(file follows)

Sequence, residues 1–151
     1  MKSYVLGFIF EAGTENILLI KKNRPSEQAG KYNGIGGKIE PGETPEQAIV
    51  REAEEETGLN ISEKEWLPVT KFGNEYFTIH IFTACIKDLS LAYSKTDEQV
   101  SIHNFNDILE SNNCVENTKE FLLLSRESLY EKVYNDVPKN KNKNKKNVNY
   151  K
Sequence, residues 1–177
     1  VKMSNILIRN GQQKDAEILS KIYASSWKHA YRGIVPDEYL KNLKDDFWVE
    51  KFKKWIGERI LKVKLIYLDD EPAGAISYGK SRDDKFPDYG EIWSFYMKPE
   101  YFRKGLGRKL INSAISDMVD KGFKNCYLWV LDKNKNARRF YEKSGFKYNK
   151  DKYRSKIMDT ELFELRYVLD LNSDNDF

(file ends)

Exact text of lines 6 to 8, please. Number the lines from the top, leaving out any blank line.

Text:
Sequence, residues 1–177
     1  VKMSNILIRN GQQKDAEILS KIYASSWKHA YRGIVPDEYL KNLKDDFWVE
    51  KFKKWIGERI LKVKLIYLDD EPAGAISYGK SRDDKFPDYG EIWSFYMKPE